Shein Design Process
If you dream of owning a wine cellar but don’t know where to
begin, you’re not alone. At Shein Design, we’re committed to
making the process as simple and enjoyable as possible. We
provide everything you need--from initial concept to completion.
From exploring design elements, to selecting materials, to the
final installation of your racking, CEO David Sheinkopf and his
staff believe that creating your home showpiece should be fun
and stress-free. Here’s what you need to know as you begin to
think what you want in a wine cellar:
First, consider the size and layout of your space.
Refer to Fig 1: With a standard steel tape, measure the distance
from corner to corner at the bottom, middle, and top of each
wall. Record the shortest distance for each wall. Repeat the
process for your ceiling height measurement, measuring at each
corner and in the middle of each wall. Once you’ve gathered that
data, measure the distances around key features of the room--
including doorways (from outside the jamb), windows, soffits,
and protruding wall devices. Be sure to measure their distance,
on both sides, from adjoining walls and ceilings.
- Room Climate
Temperature and humidity are two key factors in maintaining the
quality and longevity of your wines. Ideal conditions model that
of an underground cave: consistently cool from 55-60°F, with a
constant humidity between 50 and 70%. Luckily, we now have the
technology and equipment available to produce these conditions
in your space; but, in order for the cooling equipment to work
properly and efficiently, you must first ensure that your room
is prepared appropriately.
- Wall Preparation
An efficient wine cellar needs to remain at a consistent temperature and humidity,
so it must be equipped with a level of
insulation, called an R-Value, that efficiently keeps cool air
and humidity in and warm air out. The following elements are
Shein Design's room build-out recommendation:
- Vapor Barrier: To avoid condensation leaks, mold, mildew,
and decay, your room must be prepared with a vapor barrier,
or a thin sheet of plastic or coating designed to protect
against escaping humidity. Place 6-8mm sheeting over and
between the studs, and on the ceiling (especially in and
around light fixtures).
- Insulation: With the vapor barrier in place, you may use a
variety of insulation types. We’ve found, however, that
spray or rigid foam work best. This should be installed
between the studs.
- Greenboard: With the walls properly insulated, you can then
cover the studs with a moisture-resistant drywall, commonly
referred to as Greenboard. This will prevent possible mold
- Wall Finish: Once the vapor barrier, insulation, and
Greenboard are in place, you’re ready to finish the walls.
If you’re planning to paint, remember to allow ample time
for ventilation to avoid possibly compromising the quality
or taste of your wines.
- Racking Design
Once your room is properly prepared, you can begin to consider
the style and layout of your wine racking. Deciding on a
general style can help narrow the elements for your room. Such
styles include traditional, contemporary, showpiece, or maximum
storage. What is your goal with the room? Is the space only
intended for storing wine, or will it be a place where you open,
decant, and taste? Are you planning on featuring the room in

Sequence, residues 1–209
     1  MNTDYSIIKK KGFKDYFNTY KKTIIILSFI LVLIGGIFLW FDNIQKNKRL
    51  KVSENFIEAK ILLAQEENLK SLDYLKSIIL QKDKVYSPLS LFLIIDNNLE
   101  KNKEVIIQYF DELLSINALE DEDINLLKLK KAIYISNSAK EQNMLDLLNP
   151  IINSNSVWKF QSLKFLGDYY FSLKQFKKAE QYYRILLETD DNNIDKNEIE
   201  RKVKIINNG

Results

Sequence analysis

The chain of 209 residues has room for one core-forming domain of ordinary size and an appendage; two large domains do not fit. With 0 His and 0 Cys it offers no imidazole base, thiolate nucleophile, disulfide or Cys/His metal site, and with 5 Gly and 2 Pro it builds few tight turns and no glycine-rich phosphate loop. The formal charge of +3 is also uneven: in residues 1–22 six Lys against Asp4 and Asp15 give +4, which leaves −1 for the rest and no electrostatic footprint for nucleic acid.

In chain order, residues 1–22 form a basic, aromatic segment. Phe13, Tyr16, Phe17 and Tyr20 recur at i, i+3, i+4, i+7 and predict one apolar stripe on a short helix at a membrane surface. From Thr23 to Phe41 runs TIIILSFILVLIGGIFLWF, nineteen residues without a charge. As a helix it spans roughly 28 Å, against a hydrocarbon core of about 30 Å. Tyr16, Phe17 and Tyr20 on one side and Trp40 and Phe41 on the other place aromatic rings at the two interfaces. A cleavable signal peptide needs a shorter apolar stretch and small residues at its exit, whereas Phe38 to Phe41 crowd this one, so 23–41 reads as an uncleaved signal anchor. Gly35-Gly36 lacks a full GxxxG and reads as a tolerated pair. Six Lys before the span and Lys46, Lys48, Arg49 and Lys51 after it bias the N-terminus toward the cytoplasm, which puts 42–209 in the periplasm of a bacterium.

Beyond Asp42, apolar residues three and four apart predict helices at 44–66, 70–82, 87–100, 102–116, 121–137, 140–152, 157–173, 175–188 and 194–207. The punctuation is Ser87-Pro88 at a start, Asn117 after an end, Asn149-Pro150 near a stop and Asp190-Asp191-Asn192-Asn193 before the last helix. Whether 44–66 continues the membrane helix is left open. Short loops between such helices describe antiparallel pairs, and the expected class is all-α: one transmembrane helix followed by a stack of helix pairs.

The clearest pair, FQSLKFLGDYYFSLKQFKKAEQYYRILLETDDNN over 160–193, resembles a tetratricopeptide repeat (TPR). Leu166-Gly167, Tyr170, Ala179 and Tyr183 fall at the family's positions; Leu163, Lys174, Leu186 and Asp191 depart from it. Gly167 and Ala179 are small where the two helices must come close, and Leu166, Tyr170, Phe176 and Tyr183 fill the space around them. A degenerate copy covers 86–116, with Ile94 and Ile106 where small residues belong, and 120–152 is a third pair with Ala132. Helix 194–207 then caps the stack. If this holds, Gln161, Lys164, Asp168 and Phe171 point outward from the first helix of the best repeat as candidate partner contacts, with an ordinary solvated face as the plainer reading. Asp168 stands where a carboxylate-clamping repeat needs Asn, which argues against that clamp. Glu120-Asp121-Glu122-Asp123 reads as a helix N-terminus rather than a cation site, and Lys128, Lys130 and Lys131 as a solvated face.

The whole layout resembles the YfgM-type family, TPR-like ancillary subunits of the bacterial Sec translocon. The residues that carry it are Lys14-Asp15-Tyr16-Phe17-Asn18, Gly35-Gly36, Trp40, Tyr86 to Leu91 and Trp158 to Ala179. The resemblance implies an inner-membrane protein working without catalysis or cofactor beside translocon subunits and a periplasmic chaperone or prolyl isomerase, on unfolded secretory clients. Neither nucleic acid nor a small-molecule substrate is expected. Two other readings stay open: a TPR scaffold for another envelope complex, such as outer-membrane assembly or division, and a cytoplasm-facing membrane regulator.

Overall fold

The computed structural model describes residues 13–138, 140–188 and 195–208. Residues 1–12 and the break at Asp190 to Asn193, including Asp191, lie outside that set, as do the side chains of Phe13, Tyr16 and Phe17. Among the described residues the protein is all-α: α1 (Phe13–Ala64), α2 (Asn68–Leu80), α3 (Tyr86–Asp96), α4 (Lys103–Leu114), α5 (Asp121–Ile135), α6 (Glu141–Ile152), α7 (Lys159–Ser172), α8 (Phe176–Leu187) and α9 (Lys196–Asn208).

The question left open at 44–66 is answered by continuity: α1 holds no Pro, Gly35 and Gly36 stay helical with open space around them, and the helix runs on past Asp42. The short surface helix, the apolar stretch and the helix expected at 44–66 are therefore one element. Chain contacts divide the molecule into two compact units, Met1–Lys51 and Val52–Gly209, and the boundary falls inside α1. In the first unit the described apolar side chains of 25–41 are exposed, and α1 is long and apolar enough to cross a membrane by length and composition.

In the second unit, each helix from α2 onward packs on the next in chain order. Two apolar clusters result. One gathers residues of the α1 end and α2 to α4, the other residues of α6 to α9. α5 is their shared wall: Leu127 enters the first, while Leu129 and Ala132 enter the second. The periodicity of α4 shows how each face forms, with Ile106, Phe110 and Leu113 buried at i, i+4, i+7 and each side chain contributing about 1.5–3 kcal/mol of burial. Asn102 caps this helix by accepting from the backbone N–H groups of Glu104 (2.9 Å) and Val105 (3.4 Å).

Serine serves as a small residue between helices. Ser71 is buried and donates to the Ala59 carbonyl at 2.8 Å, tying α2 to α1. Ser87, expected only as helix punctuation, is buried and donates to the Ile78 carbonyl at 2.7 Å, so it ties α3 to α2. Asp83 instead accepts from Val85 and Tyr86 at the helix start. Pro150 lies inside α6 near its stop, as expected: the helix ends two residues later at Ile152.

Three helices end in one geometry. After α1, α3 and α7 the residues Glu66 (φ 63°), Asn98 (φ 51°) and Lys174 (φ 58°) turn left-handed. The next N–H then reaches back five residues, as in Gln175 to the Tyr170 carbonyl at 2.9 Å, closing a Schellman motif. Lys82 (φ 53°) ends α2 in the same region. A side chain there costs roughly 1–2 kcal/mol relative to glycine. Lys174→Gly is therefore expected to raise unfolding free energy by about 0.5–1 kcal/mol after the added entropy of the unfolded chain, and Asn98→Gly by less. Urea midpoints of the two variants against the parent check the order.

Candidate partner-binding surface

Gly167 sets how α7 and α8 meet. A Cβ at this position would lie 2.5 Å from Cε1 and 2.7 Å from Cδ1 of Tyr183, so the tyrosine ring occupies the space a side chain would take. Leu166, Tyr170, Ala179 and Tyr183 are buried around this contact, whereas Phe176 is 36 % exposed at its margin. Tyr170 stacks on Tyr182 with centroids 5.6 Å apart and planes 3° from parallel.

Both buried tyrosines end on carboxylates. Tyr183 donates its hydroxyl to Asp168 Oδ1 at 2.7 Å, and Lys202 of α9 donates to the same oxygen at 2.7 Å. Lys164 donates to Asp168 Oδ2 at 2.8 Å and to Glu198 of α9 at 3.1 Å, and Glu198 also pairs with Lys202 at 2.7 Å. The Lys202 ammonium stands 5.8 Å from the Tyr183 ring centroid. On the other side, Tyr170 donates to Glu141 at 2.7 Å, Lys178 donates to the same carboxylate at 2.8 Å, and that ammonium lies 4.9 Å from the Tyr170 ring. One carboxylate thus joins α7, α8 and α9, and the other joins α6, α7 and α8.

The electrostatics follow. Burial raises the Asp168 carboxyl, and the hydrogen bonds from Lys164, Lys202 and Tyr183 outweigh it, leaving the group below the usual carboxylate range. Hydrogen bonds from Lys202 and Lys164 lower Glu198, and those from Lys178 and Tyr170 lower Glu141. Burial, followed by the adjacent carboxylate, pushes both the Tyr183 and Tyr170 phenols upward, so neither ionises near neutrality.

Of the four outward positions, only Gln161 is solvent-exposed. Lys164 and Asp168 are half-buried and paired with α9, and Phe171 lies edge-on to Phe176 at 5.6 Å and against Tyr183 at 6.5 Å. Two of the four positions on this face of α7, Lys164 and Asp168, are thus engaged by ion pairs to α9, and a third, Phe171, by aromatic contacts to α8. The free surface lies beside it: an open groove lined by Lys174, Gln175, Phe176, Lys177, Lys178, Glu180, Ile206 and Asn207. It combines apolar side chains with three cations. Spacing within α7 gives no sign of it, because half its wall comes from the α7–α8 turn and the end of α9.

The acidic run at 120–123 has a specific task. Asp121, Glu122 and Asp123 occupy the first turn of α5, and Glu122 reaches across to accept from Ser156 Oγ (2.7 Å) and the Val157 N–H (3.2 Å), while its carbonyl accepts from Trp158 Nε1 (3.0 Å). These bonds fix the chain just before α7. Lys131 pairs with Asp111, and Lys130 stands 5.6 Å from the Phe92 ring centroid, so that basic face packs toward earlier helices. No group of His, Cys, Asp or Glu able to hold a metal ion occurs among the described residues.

home tours and spending time there with friends or relatives?
Answering these important questions will help your Design
Consultant offer the most relevant design suggestions.
Furthermore, understanding the bottle sizes in your current
wine collection, as well as what the collection may look like
years from now, can be extremely helpful in determining what
type of racking is needed. Although Shein’s standard cubicle
size is 3¾ inches (which fits most 750 ml bottles), you may have
larger bottles, such as champagnes or magnums, that will need an
increased cubicle size. Having this information recorded before
selecting racking styles will help to streamline the design
- Racking Materials
Choosing the right materials for your wine racking is crucial
when it comes to building a cellar that lasts a lifetime or
longer. Only woods that are naturally resistant to moisture
and decay should be considered. Luckily, Shein Design offers a
variety of wood and stain choices to fit a range of individual
tastes and budgets, which are perfectly suited for humid
With regard to finish, your goals for the room can be an
indication of what might work best. For instance, if you prefer
the look of the all-heart or premium redwood, you may want to
consider leaving the racking unfinished or lacquered only, as
both woods are very soft and porous and therefore do not tend
to stain well. If you prefer a stained look, you may want to
consider hardwoods, such a mahogany or beech--not only for their
natural ability to receive and showcase stain and/or lacquer,
but also for their tight, even grain.
Once you and your Design Consultant have finalized room layout,
design elements, and materials, your Consultant can request a
CAD drawing, which is usually completed within 3-5 business
days. Along with your complimentary drawing, you will receive a
detailed proposal outlining the cost and lead time associated
with the proposed design. Your Design Consultant will review the
proposal with you to ensure all questions are resolved.
Shein Design is more than happy to provide installation services
to those based locally in Southern California. For all projects
outside Southern California, we will recommend a skilled
installer in your area, whom you may work with directly.